A story of faith, enshrined in stone
Kado’s confinement at Manzanar left a lasting impact on him. In 1961, he told the Saturday Evening Post that he no longer wanted to work on private wealthy estates as he had done before his internment. Instead, he would commit himself to his Catholic faith, and to creating beauty in unlikely places. Indeed, after leaving Manzanar, Kado and his wife, Hama, eventually moved back to Los Angeles, and he dedicated himself to making Catholic grottoes with lava rocks. His defining work—a massive grotto—is said to be at Holy Cross.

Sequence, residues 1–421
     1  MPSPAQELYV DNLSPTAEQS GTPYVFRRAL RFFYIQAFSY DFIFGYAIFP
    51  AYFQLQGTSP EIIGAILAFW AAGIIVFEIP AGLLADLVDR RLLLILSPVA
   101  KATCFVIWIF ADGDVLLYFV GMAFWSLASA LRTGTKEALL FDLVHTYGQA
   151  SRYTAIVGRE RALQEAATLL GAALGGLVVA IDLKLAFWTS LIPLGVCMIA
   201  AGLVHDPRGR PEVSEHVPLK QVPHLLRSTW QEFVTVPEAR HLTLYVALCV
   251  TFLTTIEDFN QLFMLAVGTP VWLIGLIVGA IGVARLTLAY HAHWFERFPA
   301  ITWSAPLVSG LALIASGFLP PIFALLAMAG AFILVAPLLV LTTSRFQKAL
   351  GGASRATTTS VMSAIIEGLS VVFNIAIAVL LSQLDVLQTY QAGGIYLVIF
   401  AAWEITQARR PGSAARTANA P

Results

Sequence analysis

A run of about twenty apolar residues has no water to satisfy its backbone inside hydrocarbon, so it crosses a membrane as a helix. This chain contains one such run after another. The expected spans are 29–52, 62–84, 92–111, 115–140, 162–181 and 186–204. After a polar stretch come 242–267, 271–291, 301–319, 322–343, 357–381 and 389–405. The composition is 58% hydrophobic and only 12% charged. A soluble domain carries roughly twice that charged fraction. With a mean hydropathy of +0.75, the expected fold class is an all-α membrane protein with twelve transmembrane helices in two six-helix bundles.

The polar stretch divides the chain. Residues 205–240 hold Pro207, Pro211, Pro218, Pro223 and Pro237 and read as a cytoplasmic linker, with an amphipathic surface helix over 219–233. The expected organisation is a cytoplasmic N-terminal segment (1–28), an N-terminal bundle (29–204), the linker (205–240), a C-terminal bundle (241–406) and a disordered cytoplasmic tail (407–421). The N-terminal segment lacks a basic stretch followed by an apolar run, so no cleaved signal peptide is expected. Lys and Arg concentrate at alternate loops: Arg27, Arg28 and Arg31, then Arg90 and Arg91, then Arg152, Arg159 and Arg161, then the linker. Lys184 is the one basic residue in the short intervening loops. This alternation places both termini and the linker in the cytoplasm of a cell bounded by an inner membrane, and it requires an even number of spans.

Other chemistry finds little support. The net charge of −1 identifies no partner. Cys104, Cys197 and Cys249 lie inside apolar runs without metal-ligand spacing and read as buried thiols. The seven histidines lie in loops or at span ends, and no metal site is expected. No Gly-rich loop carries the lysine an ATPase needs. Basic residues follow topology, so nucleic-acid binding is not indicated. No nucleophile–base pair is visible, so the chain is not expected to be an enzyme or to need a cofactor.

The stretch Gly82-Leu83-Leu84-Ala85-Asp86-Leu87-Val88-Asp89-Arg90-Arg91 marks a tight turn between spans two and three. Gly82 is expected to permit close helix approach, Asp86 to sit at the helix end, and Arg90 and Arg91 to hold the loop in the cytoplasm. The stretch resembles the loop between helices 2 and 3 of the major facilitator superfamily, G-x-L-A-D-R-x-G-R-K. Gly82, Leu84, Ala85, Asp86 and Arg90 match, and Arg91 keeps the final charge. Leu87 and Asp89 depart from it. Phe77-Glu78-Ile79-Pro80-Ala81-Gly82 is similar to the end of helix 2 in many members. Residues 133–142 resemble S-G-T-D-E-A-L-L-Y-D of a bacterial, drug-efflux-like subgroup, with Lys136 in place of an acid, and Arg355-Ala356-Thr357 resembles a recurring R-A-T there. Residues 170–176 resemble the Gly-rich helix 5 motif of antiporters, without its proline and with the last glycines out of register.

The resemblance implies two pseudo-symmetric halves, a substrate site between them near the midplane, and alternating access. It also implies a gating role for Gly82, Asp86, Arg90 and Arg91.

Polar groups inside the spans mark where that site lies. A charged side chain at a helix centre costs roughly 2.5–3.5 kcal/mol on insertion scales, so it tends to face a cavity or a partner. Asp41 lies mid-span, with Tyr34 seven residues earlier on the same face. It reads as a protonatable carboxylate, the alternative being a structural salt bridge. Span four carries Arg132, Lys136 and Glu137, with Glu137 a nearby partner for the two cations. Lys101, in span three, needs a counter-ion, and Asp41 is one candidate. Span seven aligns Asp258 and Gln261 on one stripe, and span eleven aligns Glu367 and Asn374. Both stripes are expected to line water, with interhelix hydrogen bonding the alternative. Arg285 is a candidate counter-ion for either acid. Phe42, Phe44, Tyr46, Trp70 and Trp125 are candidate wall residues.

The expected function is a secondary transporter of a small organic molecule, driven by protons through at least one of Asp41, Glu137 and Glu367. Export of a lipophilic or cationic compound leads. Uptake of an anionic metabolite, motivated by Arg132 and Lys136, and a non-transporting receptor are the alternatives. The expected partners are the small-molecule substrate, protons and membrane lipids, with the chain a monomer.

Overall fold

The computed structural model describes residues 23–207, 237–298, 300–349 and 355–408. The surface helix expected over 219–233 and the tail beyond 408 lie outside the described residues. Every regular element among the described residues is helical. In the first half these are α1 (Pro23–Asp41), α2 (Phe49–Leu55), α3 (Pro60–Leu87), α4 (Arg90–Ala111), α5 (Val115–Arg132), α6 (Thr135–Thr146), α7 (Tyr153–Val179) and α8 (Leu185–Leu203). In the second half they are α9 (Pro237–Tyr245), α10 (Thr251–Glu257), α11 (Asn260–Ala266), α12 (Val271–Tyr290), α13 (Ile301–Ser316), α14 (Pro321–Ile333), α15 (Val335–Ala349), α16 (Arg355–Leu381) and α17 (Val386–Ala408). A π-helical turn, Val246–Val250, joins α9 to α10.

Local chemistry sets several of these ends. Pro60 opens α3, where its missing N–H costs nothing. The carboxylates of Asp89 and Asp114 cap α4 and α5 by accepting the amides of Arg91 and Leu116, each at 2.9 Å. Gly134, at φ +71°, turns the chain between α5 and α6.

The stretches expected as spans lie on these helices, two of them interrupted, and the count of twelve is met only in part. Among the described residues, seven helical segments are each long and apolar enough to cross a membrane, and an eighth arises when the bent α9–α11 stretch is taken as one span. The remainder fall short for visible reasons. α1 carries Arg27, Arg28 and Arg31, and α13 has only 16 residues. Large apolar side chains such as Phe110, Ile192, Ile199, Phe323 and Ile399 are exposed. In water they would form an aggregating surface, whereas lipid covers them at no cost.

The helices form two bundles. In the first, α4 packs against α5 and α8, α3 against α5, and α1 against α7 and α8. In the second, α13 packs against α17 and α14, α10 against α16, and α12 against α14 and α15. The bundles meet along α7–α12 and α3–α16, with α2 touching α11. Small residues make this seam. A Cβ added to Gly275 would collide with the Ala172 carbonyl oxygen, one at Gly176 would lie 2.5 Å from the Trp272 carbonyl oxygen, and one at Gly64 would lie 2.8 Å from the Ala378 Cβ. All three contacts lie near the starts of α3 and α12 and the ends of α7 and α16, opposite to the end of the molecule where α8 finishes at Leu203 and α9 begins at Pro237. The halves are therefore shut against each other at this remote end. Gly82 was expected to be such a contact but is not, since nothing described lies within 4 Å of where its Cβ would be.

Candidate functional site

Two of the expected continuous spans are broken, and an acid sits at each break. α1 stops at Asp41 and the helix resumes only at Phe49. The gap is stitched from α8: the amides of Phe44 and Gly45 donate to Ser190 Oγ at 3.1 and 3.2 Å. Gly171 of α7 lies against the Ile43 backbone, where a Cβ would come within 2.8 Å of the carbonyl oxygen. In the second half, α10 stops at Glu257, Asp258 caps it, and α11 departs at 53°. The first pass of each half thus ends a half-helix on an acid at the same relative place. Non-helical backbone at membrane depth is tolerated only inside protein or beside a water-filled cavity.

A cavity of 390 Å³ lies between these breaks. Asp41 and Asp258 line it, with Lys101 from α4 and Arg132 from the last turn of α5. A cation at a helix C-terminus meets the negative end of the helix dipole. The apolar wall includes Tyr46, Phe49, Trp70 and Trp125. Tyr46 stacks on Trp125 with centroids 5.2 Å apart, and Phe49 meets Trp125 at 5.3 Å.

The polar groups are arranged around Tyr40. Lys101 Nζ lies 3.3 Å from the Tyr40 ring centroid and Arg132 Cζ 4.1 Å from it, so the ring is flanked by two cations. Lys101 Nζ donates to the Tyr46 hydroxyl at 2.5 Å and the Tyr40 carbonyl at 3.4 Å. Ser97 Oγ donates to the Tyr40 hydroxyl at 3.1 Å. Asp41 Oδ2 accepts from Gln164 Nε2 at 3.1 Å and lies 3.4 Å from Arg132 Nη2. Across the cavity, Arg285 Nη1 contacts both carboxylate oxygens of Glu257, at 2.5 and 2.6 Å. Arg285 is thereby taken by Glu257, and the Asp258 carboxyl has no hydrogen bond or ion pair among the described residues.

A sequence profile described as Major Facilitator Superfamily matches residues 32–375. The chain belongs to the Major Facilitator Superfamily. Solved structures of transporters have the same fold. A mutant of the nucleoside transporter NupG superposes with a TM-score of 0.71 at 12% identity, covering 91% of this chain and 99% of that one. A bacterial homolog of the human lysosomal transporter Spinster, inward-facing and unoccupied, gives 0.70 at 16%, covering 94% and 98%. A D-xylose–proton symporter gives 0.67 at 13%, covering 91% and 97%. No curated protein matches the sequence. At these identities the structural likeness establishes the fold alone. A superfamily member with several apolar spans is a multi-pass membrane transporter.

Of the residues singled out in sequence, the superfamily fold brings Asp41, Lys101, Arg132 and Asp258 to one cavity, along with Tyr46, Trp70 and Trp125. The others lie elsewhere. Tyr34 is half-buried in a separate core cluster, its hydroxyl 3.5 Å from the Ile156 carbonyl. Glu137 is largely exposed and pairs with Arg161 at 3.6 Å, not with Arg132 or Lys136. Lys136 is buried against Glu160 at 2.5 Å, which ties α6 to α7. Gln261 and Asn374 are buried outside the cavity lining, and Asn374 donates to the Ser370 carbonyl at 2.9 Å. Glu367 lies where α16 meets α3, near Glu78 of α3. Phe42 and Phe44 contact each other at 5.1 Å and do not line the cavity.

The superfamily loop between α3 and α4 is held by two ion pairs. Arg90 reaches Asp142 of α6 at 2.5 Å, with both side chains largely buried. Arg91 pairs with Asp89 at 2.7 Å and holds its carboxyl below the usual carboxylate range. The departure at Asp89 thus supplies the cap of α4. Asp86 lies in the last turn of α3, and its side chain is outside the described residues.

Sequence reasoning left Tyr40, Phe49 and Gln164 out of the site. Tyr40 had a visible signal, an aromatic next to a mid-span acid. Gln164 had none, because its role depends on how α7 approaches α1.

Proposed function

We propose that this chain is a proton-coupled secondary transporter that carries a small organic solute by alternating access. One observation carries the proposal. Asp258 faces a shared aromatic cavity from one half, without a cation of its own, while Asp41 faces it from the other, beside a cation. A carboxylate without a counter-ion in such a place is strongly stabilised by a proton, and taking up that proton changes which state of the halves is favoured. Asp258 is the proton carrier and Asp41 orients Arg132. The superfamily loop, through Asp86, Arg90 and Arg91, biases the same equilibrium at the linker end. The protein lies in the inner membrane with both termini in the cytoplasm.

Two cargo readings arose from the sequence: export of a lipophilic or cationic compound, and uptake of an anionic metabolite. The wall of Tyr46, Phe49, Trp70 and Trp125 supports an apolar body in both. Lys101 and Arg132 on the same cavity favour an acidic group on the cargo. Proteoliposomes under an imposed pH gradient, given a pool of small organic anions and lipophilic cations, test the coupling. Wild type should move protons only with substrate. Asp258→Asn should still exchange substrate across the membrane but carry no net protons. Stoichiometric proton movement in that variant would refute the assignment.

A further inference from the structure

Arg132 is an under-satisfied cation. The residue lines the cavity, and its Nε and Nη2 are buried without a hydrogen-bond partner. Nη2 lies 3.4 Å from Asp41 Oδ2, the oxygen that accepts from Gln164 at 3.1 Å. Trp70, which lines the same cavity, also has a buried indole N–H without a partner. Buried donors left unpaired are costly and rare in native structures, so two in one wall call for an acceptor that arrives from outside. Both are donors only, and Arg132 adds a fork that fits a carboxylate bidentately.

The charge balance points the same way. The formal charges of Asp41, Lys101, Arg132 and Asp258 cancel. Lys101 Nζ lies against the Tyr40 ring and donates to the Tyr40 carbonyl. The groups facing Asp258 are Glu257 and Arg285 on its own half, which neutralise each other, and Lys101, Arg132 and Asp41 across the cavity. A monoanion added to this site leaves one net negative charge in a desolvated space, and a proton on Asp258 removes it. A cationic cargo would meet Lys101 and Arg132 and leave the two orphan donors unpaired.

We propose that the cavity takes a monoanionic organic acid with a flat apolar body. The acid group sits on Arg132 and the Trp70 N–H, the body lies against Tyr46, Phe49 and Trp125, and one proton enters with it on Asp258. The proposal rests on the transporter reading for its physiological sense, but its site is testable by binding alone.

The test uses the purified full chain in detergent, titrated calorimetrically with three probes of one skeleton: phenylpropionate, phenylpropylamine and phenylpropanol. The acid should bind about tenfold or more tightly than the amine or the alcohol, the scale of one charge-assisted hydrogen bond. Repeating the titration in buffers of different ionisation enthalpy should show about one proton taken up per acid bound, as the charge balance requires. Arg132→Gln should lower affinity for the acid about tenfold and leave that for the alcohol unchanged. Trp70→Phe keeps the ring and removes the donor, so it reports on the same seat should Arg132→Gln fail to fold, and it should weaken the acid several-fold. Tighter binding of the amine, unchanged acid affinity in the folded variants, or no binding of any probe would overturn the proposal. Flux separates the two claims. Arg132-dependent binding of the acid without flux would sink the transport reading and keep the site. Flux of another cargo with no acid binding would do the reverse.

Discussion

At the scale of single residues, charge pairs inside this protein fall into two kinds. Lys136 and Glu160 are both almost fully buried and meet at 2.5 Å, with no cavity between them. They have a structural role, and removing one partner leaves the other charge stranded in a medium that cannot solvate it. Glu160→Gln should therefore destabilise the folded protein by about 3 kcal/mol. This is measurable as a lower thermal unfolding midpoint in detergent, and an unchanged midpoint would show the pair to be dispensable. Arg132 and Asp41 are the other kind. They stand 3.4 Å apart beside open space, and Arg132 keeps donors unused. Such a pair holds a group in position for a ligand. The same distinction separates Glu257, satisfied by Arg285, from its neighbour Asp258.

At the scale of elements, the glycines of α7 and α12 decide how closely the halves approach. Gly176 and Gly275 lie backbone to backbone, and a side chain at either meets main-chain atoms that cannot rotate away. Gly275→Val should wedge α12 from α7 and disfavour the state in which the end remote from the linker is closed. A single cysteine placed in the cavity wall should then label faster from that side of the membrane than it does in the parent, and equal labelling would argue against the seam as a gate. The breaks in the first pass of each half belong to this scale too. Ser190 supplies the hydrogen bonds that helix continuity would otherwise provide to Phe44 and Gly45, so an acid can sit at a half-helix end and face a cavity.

So as pandemic restrictions eased this spring, I made a pilgrimage to see it. The grotto was impressive, comprising a 30-foot-tall cave and a 400-foot-long rock wall. Afterward, I found the grave marker for Kado, who died in 1982, and Hama. The surface of the stone had been worn away to the point of obscuring their surname. Time and the elements had taken their toll.
Yet, Kado’s stonework lives on—at Manzanar, and around Southern California. Somehow, during what had to be a painful time at Manzanar, Kado had managed to create beautiful works. And somehow, the experience inspired him to create more beauty later in life. It was, I thought, a lesson for us all—especially after the year we’ve just endured.